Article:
E-Cigarette Use in Teens a Precursor to Daily Tobacco Use, Study Shows

person smoking electronic cigarette

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Key Takeaways

  • Adolescents and young adults who use e-cigarettes are much more likely to try tobacco products and become daily smokers.
  • The perception that vaping is safe continues to be prevalent, making cessation efforts more difficult.
  • About half of teens who vape have expressed a desire to quit, but tools tailored to their needs are not widely available.

Teens using e-cigarettes, also known as vaping, is strongly associated with later daily cigarette smoking, according to a 2021 study in Pediatrics.

Researchers looked at a group of 12- to 24-year-olds participating in a large-scale study of tobacco and health, to identify the predictors of becoming a daily cigarette smoker over the course of four years.

They found the risk of progressing to cigarettes was three times higher for those who used e-cigarettes, particularly among those under age 18.

This likely will reverse the decline in cigarette smoking among U.S. adults, researchers concluded.

Wanting to Quit

Even as adolescents might gravitate from vaping to using traditional tobacco products, many have reported wanting to quit. A survey published last year in JAMA Pediatrics found about half of teens who use electronic nicotine products expressed the desire to stop, but evidence-based cessation programs geared specifically toward this age group is not widely available.

Another survey, published in Addictive Behaviors, found that the biggest reason many wanted to stop is health-related, which means they’re already feeling negative effects from the habit.

This could become a larger issue if the growth rate of vaping continues. According to a report from the U.S. Department of Health and Human Services, e-cigarette use among teens doubled from 2017 to 2019.

Unlike adults, adolescents can face intense peer pressure that makes quitting much more difficult, according to Osita Onugha, MD, a thoracic surgeon and assistant professor of thoracic surgical oncology at John Wayne Cancer Institute at Providence Saint John’s Health Center in Santa Monica, California.

“It is so difficult for them to quit because there is some level of both chemical and social addiction,” he says. “The chemical addiction is what stimulates the cravings for people to continue smoking. However, the ‘coolness’ of smoking around friends and the perceived ‘rebel’ they appear to be may make it difficult to give up the social status that some young adults have with their peers."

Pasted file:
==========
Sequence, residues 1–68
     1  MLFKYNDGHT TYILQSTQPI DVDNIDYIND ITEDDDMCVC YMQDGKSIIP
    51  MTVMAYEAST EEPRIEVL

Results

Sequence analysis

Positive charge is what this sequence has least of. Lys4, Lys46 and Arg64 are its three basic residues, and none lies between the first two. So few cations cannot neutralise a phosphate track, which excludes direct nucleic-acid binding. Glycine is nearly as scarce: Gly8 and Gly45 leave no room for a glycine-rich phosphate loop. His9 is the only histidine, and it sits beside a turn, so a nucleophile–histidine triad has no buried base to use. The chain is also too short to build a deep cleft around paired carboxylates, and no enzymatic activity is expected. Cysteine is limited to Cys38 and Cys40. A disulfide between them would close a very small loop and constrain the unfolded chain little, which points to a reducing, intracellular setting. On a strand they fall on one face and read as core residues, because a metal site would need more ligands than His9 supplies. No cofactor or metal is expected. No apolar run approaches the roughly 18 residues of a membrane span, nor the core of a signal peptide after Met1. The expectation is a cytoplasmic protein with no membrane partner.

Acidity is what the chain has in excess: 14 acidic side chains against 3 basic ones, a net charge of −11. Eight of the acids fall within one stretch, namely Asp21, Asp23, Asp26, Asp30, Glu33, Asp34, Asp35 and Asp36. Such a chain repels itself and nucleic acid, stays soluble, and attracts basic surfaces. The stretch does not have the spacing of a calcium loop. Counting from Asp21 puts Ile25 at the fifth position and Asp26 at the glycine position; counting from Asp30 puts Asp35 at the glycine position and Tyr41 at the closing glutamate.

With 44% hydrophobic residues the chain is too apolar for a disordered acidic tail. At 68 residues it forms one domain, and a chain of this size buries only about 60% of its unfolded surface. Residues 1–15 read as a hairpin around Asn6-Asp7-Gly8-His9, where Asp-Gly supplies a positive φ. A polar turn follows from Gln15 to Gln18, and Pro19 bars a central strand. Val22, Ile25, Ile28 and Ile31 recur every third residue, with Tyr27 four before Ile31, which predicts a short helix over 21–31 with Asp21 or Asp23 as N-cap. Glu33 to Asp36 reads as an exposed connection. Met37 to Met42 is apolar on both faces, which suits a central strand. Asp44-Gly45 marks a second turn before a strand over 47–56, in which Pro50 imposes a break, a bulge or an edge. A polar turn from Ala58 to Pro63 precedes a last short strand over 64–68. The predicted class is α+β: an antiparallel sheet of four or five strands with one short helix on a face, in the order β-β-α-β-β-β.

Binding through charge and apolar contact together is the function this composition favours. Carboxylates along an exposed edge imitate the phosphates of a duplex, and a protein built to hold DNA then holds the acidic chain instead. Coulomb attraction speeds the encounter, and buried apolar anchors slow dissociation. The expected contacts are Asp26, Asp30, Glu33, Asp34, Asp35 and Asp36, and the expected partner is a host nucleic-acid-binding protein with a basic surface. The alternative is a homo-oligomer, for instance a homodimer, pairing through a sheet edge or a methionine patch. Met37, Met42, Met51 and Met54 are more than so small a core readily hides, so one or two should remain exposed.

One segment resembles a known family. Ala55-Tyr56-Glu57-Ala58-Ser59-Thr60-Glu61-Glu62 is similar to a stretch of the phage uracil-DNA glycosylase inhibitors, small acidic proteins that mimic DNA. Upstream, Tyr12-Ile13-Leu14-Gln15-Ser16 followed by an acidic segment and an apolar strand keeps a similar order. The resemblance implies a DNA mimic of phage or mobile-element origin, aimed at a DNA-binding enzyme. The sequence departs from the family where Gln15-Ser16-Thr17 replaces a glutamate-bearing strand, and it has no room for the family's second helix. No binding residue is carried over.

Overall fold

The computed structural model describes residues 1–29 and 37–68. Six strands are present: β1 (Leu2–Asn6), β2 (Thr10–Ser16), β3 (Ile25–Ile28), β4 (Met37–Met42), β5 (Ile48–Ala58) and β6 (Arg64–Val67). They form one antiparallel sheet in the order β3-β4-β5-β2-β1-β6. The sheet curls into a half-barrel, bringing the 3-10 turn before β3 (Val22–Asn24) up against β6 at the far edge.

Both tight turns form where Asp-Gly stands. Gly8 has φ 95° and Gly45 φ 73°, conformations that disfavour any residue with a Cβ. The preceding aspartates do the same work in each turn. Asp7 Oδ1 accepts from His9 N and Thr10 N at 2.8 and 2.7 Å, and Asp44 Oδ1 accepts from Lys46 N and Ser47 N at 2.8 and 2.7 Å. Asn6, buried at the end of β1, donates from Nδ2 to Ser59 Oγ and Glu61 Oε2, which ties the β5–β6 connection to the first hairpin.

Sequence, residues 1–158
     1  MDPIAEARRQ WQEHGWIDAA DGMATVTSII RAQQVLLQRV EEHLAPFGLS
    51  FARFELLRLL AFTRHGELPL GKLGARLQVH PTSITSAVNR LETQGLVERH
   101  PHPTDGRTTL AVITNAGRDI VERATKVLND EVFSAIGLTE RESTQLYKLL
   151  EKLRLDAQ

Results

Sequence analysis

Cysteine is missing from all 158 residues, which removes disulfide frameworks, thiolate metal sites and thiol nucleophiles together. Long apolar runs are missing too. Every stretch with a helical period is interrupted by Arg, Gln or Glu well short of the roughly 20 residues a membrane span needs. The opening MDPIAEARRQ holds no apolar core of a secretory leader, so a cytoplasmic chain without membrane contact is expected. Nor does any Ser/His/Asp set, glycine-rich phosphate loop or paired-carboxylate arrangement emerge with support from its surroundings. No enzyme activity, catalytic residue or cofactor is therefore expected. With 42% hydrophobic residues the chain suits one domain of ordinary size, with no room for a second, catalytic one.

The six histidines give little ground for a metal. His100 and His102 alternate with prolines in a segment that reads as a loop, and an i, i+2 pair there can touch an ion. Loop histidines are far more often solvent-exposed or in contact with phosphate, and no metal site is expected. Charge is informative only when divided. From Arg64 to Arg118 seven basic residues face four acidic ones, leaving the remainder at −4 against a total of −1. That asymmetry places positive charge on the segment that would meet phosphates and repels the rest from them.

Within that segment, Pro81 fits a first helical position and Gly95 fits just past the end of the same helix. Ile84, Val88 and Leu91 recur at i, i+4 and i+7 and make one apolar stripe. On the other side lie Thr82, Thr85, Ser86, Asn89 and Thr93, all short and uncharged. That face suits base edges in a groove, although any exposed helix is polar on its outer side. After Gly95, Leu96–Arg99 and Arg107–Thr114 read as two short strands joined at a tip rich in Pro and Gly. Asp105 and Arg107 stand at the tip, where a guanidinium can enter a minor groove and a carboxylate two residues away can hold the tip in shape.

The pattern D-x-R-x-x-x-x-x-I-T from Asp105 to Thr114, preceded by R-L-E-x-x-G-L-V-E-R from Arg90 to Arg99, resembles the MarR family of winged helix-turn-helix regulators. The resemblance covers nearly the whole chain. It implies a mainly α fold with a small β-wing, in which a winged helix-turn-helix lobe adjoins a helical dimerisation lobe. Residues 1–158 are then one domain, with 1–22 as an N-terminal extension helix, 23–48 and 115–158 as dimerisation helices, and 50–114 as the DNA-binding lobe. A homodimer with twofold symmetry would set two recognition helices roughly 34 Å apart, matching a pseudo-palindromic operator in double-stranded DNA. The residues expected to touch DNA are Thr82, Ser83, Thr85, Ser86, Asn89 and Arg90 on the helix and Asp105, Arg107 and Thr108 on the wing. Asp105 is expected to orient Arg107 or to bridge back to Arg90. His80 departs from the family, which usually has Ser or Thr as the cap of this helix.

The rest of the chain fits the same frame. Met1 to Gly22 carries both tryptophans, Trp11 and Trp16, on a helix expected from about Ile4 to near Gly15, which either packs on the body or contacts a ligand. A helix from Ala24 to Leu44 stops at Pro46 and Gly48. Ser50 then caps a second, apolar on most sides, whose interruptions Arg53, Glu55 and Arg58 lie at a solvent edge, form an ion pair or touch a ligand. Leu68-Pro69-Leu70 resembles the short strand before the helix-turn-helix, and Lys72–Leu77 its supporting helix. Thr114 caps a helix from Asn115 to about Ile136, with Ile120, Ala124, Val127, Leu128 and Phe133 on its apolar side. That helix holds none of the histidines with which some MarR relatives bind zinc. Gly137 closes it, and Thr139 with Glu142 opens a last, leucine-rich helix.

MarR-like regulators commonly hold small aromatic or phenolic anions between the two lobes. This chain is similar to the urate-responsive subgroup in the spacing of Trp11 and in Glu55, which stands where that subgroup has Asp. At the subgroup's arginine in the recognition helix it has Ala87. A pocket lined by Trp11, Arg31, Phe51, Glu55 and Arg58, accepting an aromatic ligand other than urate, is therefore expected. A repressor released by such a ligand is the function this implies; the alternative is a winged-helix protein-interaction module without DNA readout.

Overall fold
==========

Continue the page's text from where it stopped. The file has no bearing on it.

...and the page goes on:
Peer pressure and teen smoking have been connected for decades, and a meta-analysis published in Psychological Bulletin found that young people aged 10 to 19 have double the risk of smoking if they have friends who use tobacco products. But vaping is giving that old problem a new twist, and a potentially extensive one.

Aaron Weiner, PhD

There needs to be much more awareness about the risks of e-cigarettes, and especially an acknowledgment that they’re not a ‘safer’ alternative, which tends to be a widespread belief.

— Aaron Weiner, PhD

Challenges Unique to Teens

Although the use of tobacco products has been linked to a breadth of health issues for all ages, nicotine may have a particularly toxic effect on adolescent brains, since they are still developing. A study in Brain Research noted that nicotine is a neurotoxin that could significantly affect three parts of the brain: the midbrain, hippocampus, and cerebral cortex.

Even at the lowest dose of nicotine, negative effects remained for at least a month, and the issues were more prominent in females.

“Our results indicate that in adolescence, even a brief period of continuous or intermittent nicotine exposure elicits lasting alterations in biomarkers associated with cellular damage,” says a co-author of that study, Theodore Slotkin, PhD, a scientist in the Department of Pharmacology and Cancer Biology at Duke University in Durham, North Carolina.

Dr. Slotkin adds that nicotine even in teens at one-tenth the level of a regular adult smoker would cause damage that might linger long after a few puffs.

“The exquisite sensitivity of the teenage brain means neurotoxicity may contribute to lasting neurobehavioral damage, even in occasional smokers,” he says.

Next Steps

Like tobacco, the move toward effective cessation will require a multilayered approach that addresses all of the factors that teens face, and especially confronts the perception that vaping is either harmless or doesn’t lead to tobacco usage, says Aaron Weiner, PhD, a Chicago-based clinical psychologist and addiction treatment specialist.

“There needs to be much more awareness about the risks of e-cigarettes, and especially an acknowledgment that they’re not a ‘safer’ alternative, which tends to be a widespread belief,” he states.

“Another issue to face will be the perception that an occasional cigarette isn’t a big deal if a teenager sticks to vaping most of the time,” Weiner adds. “If we don’t highlight the danger of e-cigarette use, we’re at risk of losing the progress we’ve made on lowering tobacco addiction.”

What This Means For You

Despite the perception among some people that vaping is a way to avoid smoking. many teenage e-cigarette users are shifting toward tobacco products. Focusing on reducing teen e-cigarette usage now is crucial for addressing addiction concerns, since usage among this age group continues to climb.

6 Sources
Verywell Family uses only high-quality sources, including peer-reviewed studies, to support the facts within our articles. Read our editorial process to learn more about how we fact-check and keep our content accurate, reliable, and trustworthy.
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